The water bath is insufficient to neutralize the developer.

    - Leigh
    “Wise men talk because they have something to say; fools, because they have to say something.” - Plato

  5. #55
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    Bamboo tongs are alright so long as you mark them for specific chems and don't cross contaminate, bamboo soaks up some chems. And yes, I know, it may only be a miniscule amount, just call me OCD. The plastic ones I use have latches and a hook on one end, so I can hang my print over the tray for a few seconds before moving on to the next step. I have a different color tong for each tray(yes, call me OCD).
    Rick A
    Argentum aevum

  6. #56
    winger's Avatar
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    Bamboo tongs are alright so long as you mark them for specific chems and don't cross contaminate, bamboo soaks up some chems. And yes, I know, it may only be a miniscule amount, just call me OCD. The plastic ones I use have latches and a hook on one end, so I can hang my print over the tray for a few seconds before moving on to the next step. I have a different color tong for each tray(yes, call me OCD).
    Everything that touches a chemical gets labeled and only used for that chemical. I might be borderline OCD in how I handle chemicals and tools, but part of that's from working in a lab for 14 years. There, I could grab anything I needed without looking 'cause everything was always in exactly the same spot. I'm not quite that bad in my darkroom. Well, maybe close sometimes.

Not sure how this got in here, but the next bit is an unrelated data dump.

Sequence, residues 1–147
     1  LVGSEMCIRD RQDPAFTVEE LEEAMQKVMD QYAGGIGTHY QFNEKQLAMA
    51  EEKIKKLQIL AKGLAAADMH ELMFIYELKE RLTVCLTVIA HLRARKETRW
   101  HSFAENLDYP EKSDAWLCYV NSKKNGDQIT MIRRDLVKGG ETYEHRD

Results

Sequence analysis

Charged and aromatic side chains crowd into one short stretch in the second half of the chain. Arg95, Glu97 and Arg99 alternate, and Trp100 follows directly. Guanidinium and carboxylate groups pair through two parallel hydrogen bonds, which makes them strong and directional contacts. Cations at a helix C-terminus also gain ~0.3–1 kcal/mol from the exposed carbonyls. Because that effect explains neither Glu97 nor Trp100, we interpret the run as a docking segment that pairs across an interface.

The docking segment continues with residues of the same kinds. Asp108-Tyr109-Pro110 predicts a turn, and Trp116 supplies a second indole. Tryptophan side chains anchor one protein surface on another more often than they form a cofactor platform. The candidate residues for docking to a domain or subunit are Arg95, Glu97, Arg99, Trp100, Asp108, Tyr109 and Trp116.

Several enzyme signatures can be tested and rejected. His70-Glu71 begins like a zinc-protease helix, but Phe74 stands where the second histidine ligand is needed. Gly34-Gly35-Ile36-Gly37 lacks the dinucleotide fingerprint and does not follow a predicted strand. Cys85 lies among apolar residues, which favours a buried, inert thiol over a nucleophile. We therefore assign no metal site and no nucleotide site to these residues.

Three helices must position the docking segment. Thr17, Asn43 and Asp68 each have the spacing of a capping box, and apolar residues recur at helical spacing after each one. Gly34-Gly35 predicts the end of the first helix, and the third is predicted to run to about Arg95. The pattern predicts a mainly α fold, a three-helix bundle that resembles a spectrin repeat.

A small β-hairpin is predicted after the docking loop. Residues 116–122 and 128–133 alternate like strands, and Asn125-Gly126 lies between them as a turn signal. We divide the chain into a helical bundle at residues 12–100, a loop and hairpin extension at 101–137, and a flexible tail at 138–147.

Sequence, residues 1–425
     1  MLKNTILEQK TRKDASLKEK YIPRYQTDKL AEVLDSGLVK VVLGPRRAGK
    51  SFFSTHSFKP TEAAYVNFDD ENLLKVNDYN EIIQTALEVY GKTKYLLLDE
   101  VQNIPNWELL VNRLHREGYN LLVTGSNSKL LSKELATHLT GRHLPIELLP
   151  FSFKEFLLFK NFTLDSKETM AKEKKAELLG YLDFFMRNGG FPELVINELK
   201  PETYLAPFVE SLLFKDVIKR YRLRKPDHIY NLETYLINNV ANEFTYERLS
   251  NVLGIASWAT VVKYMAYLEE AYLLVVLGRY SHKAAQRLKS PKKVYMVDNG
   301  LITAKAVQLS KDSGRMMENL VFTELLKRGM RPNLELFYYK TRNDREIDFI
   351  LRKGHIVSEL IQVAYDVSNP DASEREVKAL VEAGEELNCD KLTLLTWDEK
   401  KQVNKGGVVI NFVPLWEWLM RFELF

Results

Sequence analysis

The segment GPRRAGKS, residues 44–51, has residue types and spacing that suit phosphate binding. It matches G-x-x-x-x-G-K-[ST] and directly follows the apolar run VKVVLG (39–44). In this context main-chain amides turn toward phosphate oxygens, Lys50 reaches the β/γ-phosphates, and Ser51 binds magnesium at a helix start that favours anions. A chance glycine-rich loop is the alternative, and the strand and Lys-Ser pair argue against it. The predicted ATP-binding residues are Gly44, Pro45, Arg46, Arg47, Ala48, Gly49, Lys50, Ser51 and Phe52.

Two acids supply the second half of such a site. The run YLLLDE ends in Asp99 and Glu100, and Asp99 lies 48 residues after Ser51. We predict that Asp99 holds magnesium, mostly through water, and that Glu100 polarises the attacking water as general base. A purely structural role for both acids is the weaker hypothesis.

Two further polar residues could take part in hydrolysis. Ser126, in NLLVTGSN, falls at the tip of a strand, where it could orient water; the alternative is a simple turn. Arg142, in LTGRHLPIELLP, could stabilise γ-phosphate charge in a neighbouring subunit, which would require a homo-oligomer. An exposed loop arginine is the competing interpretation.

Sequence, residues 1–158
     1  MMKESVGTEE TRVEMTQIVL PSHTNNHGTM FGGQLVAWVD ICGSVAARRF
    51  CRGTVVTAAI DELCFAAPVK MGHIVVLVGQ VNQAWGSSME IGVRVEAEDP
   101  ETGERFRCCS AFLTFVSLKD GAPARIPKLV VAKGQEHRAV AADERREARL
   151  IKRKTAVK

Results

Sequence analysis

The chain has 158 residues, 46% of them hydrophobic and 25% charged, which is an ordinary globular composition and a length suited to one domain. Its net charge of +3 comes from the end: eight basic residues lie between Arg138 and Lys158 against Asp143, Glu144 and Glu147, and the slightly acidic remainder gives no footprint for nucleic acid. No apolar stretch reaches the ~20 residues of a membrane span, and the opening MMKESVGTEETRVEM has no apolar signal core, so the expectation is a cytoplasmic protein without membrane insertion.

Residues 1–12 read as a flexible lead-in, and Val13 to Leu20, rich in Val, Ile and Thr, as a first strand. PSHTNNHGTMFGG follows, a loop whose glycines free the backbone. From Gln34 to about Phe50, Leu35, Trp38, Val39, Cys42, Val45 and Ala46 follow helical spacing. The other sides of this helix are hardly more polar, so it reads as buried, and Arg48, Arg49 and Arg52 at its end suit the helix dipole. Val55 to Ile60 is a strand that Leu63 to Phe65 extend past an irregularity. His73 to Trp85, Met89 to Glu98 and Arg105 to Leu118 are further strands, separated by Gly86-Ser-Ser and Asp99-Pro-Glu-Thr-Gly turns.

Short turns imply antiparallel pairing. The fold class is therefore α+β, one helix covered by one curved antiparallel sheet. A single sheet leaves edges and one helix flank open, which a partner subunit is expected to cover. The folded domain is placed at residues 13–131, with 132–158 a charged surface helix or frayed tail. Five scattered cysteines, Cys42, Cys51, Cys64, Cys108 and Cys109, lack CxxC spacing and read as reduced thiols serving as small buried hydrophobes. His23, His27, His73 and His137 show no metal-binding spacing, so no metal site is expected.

And I've broken more plastic ones than bamboo, too.

  7. #57
    Rick A's Avatar
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    I guess we're cut from the same cloth when it comes to implement placement. I hate bamboo because the rubber tips fall off all the time, and I haven't broken my plastics in 5 years and counting.
    Rick A
    Argentum aevum

  8. #58

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    Likewise, different tongs for different chemicals: red for developer, white for stop/fix, blue for toner.

    I have one set of "bulletproof" rubber tips for my bamboo tongs that are fat and seem to stay on. I change these from tongs to tongs as the bamboo wears out and I have to discard them.

    OCD is good in the darkroom :-)

    Doremus Scudder

  9. #59
    Steve Smith's Avatar
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    I also have a colour scheme for trays. Red = developer, white = stop, green = fixer.

    I only use one set of plastic tongs for all three but they get a quick dip in the stop bath before they go back into the developer (I'm sure someone will tell me why I shouldn't do that!).


    Steve.
    "People who say things won't work are a dime a dozen. People who figure out how to make things work are worth a fortune" - Dave Rat.

  10. #60
    Rick A's Avatar
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    Maybe because you are introducing stop into the developer and shortening its life span(by ever so little)
    Rick A
    Argentum aevum